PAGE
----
MARCH 21, 2007

I'm scared of parents, not to mention the law

       As a kid I was terrified to do something bad because I didn’t want my parents mad at me. But what happens when children aren’t afraid of a parental figure and, worse yet, legal authorities (read: cops)? Well, we get the problem that is all too common in Canada – astonishing juvenile crime rates.
       Growing up I couldn’t imagine telling my parents ‘where to go’ or betraying them. Not because I’d be beaten or harshly disciplined but I was just petrified to have them mad at me. For me, there was nothing worse than knowing I’d done something that upset my parents.
       Kids are fearless these days. Cops are nothing, courts are nothing, jail is nothing. Now that I’m an adult, in all honesty, those things still kind of frighten me.
       I didn’t grow up with the mentality that, “Hey, I can steal a car and I’ll only be in jail for a few hours.” My train of thought was: “I don’t want to steal a car because I’ll go to jail.”  Again, not to mention how terrified I’d be of ticking off my folks.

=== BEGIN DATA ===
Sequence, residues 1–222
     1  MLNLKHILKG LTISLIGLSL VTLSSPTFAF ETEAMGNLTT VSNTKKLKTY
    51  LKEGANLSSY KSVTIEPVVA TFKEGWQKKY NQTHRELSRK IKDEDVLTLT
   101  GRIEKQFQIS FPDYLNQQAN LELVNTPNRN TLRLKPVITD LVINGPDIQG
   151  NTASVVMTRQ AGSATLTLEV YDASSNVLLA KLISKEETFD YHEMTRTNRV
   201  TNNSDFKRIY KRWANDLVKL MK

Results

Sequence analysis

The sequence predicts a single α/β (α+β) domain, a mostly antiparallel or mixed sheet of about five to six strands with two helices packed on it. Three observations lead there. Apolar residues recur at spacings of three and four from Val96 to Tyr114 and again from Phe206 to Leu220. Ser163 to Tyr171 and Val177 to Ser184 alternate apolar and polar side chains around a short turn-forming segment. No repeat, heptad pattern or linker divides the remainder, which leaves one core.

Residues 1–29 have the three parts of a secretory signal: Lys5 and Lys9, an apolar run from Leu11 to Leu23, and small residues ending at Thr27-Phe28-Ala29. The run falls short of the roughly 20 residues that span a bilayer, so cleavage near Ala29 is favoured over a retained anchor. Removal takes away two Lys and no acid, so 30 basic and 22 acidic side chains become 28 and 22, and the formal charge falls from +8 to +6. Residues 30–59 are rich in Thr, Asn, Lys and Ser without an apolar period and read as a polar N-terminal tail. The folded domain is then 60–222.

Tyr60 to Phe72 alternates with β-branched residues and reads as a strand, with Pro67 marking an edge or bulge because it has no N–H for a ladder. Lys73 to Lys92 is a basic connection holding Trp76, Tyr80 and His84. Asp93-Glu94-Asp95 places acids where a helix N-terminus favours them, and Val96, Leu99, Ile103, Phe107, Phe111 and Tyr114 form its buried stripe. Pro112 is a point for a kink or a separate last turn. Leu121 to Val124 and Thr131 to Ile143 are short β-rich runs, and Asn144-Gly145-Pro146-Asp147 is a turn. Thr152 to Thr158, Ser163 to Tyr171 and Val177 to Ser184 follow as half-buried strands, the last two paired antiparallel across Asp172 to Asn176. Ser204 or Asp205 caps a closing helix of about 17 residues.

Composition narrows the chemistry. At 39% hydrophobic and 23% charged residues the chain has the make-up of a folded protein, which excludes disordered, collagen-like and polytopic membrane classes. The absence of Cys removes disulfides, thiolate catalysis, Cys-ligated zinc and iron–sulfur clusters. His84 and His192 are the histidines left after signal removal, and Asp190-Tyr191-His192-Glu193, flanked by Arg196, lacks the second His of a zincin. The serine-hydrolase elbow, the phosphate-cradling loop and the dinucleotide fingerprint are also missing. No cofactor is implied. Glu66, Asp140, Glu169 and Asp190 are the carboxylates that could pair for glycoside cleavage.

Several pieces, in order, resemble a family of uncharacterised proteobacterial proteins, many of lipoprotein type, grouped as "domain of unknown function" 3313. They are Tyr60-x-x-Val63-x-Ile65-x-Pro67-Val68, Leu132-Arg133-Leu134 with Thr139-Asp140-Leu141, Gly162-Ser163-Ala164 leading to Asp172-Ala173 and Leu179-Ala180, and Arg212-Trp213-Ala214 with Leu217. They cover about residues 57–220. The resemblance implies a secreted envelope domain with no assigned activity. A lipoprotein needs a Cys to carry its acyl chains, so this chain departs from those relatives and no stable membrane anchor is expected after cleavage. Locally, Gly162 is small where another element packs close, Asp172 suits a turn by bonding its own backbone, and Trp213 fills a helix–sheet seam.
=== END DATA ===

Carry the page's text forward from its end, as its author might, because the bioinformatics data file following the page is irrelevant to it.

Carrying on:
Sure, it’s a different world that we’re living in now. Newer generations aren’t going to be the same as previous ones. But the reason Canada had the Young Offenders Act (now the Youth Criminal Justice Act) is because the crime rate among children has increased dramatically.
       However, at the same time, most people – and those underage hooligans breaking the law – don’t just feel, but know that the rules are a joke. Again, that’s why kids want to steal cars because they know nothing too terribly bad will result from the bad behaviour.
       I’m not suggesting locking these kids up for the rest of their lives and throwing away the key. But some sort of punishment where these offenders don’t have the same freedoms as the general public is one possible solution.
       How often do we hear the phrase, “Released on a promise to appear in court”? If the child’s parents wouldn’t believe a promise their own kid makes, why would our legal system?  How often do these “promisers” go missing? It’s more than is reported in the news.
       While we don’t treat everybody as being dishonest, perhaps that assumption can be made about people who’ve broken the law. After all, they’ve already given reason not to trust them when committing a crime. And why the courts will take that person’s word is beyond me.
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